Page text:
You're free to do that with Comcast as well. Here's a list of all their DNS servers by location. It lists primary and secondary DNS servers for the hijacking and non-hijacking servers.
Providing free patches, partially funded by advertising revenue to you is not.
It's not free, nor was the original game. Wipeout HD is $19.99 and the expansion is $9.99. So these people are paying $30 for this nice new "feature".
Before I talk about what I've been up to on the WipEout HD Fury expansion pack, I would just like to let you know that the pack will be available from PlayStation Store on Thursday, July 23rd for $9.99.
Just imagine if you could walk into a Radio Shack and have a selection of stuff like what you can get from Digikey and Newegg combined. That would totally kick ass.
Just add a Hackerspace in the back and it would be perfect.
P.S. To any prospective business out there, I, and I'm sure the Anonymous Cowardon above, would be perfectly fine with you stealing this idea and implementing it. It's encouraged.
It's been interesting watching Apple and Google get more negative comments on Slashdot over the last few months (or the last couple of years in Apple's case).
I think the criticism of Apple is partly because of their inherent need to have control, which clashes with a community of geeks who love to hack at things, find non-obvious/non-intended uses for them, and just generally gain more knowledge. That then boils over when, like you said, some Apple fans are so quick to jump on any criticism at all (see: Reality Distortion Field).
Google, on the other hand, has a lot to do with privacy and their enormous databases. I also think that after seeing what happens when one company becomes too big/has too much control (Microsoft), the slashdot crowd is being a lot more vigilant to possible abuses. It seems too many people are quick to implicitly trust and not question anything for no other reason than "It's from Google", which can easily lead to bad things when left unchecked, as it did with Microsoft.
Google Search Appliance is a single purpose server to provide in-house search services. It's basically a search program that happens to come with a server, not a server to be used for anything.
Xserve is a general purpose server. Google only competes with Apple here if your only intention for the Xserve was to implement a custom search engine on it. Even if that were the case, the main selling point for Google in that instance wouldn't be the hardware, but in the performance of their search method compared to your own. As far as I know, Apple doesn't sell their own search algorithm so it still wouldn't be competing with Apple.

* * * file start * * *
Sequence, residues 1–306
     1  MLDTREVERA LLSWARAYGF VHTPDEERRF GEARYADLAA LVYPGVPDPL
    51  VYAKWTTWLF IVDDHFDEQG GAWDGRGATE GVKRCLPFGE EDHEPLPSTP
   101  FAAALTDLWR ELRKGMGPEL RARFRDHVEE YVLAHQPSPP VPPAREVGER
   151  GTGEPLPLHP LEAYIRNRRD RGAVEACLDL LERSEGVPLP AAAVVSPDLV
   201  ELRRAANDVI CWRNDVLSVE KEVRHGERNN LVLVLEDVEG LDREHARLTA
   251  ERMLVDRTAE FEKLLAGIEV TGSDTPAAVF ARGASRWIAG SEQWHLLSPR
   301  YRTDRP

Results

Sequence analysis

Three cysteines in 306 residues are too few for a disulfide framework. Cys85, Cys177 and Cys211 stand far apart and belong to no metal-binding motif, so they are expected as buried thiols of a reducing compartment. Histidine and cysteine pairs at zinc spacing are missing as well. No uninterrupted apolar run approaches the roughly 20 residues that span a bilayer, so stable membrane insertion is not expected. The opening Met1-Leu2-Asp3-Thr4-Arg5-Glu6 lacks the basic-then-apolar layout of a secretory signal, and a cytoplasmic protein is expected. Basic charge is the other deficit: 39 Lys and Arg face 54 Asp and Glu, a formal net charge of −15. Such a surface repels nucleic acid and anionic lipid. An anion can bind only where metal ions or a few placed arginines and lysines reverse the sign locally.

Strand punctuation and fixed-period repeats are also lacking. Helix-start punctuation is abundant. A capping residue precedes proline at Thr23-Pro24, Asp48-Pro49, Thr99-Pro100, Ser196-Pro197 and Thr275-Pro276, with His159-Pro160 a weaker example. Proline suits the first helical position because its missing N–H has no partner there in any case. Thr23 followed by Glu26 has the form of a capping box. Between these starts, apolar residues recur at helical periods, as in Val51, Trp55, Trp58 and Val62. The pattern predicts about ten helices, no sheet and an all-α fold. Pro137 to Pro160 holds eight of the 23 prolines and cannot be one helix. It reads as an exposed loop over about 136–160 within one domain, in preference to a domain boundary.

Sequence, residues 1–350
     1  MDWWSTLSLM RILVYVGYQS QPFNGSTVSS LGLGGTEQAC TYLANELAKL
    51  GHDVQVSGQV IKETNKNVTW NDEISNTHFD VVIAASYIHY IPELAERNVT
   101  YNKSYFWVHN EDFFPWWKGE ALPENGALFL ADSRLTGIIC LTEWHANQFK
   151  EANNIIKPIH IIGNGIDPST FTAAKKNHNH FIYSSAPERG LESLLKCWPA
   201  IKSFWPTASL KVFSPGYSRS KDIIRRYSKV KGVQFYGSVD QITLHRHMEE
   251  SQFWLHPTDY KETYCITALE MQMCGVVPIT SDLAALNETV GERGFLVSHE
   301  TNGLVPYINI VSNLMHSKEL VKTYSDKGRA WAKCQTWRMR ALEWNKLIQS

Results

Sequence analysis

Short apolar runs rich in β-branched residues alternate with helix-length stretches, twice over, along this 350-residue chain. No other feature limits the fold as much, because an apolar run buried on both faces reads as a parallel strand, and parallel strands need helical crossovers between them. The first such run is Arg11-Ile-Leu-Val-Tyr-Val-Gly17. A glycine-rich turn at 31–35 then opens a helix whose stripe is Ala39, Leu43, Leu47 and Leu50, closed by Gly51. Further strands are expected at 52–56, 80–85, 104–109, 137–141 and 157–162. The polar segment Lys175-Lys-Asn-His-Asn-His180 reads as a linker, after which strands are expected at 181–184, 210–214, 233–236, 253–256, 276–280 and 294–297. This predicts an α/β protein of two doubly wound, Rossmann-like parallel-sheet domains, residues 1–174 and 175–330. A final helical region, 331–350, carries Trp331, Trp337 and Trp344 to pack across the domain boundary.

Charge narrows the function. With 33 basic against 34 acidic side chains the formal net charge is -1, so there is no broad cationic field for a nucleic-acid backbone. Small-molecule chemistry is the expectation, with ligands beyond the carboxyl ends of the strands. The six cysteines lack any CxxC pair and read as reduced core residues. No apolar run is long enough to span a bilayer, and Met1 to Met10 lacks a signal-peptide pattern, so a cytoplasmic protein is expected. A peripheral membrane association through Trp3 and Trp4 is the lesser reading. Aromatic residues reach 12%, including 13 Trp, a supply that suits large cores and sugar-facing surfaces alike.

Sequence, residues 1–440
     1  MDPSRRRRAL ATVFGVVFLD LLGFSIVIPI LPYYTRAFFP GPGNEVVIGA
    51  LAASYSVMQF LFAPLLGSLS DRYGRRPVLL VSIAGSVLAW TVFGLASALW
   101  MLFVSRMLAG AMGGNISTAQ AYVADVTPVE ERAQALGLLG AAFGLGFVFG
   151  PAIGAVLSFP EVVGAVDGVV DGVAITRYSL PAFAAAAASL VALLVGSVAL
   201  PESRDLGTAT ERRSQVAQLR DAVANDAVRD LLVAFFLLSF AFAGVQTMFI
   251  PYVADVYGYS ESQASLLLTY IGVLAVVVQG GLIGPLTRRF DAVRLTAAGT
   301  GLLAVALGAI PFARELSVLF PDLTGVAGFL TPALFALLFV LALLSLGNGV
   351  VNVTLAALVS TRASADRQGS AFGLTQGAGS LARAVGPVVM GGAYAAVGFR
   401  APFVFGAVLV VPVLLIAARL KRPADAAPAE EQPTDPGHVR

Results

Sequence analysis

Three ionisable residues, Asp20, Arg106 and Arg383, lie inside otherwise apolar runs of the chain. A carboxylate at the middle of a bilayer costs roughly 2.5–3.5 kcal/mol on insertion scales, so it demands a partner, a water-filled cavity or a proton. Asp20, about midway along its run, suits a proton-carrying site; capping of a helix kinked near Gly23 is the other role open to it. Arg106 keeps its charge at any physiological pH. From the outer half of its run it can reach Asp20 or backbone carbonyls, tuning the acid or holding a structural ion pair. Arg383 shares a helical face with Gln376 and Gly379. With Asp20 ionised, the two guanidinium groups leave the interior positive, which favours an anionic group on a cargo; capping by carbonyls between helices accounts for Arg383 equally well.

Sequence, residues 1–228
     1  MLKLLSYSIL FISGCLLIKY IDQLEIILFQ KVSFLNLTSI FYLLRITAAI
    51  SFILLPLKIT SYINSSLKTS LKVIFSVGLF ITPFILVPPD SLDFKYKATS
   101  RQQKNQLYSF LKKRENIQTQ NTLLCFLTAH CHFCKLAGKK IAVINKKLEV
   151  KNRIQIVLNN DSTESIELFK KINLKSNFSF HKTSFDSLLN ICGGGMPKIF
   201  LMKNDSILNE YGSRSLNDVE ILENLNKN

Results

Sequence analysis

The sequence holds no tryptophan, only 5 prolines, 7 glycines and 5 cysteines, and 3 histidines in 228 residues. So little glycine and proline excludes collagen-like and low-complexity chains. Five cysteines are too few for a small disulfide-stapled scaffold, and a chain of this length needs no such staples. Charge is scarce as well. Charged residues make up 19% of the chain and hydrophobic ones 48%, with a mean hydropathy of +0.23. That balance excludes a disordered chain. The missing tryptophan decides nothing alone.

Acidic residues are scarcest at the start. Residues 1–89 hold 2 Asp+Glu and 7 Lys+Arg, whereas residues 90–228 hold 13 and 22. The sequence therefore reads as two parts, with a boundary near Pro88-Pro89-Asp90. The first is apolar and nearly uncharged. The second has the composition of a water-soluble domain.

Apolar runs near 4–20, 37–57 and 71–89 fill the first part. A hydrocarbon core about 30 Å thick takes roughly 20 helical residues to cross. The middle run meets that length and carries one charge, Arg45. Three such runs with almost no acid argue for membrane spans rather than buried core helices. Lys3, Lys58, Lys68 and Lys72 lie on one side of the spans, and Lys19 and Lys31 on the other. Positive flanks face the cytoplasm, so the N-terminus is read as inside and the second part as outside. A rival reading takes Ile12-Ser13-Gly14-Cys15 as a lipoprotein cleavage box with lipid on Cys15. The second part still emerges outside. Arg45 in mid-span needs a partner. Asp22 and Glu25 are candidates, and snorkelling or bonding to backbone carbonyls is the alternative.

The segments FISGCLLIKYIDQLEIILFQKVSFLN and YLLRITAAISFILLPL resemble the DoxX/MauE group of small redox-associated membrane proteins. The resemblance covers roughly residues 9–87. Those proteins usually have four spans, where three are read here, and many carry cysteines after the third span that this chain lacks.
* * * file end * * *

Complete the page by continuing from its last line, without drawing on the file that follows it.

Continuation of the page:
Have customers just select a password for each account. Retailers would verify the password the same way they verify CSC numbers now,
Visa and Mastercard have already implemented this option. The only problem is the store has to be capable of handling it, and not all of them are, unfortunately.
The account number is simply placed on the card, and authentication comes from physical ownership of the card. (PINs don't count because they are unfortunately verified based on machine-readable information on the card itself.)
This is wrong. PINs haven't been stored on the card for a long time (I'm not even certain they ever were for all cards). You can easily check this yourself with a relatively cheap reader, or you can build one yourself.
Not only that but they can make web tools Live/Bing/Hotmail work best with their browser - influencing users of those tools to almost be forced to to use IE.
They've already been bitten by that one. They blocked all browsers except IE from accessing MSN.com. After two days of people making noise about it they let everyone view MSN again.
Did they learn? No. Less than two years later they served a stylesheet to Opera (and only to Opera, other browsers received a working stylesheet and IE had its own) that deliberately broke the display of the page. They served Opera the IE stylesheet, which displayed fine, after some more complaints.
I don't think they'd dare try again with how closely the EU is monitoring them now.
It was 500 billion in Icelandic currency (krona), not 500 billion euro or USD.
According to xe.com:
500,000,000,000.00 ISK = 3,904,722,881.3900 USD
However, the wikileaks summary says "45 million to 1250 million euros". I haven't read the post that the GP links, except to check the currency type, to find out where it gets the 500 billion number.
And what exactly crewed the original ship?
Space Jockeys. A film about them would be awesome.
Because that leads to exactly what we have now...using Flash for video. And a private company isn't going to cater to every niche platform/architecture.
Also, it's still left to the browser to implement. What specifying a format in the HTML5 standard does is allow the browsers to actually implement the feature since it gives them something concrete to reliably settle on. With HTML5 in all the major browsers, webmasters will then know they have another option that is widely available. This allows them to switch their video over to Theora|H264 and using the VIDEO tag, without worrying about isolating any users and knowing a wider array of devices will be supported.
As it stands now, for most web video you have to hope Adobe cares about your particular OS/Platform enough to cater to it (or that your platform will even let you use it, a la iPhone) . With an alternative standard implemented then all you have to worry about is if your browser, of which there are many to choose from, supports HTML5. There is no worrying about a private third party plugin that also comes with a fair amount of security holes.
The trouble with being punctual is that people think you have nothing more important to do.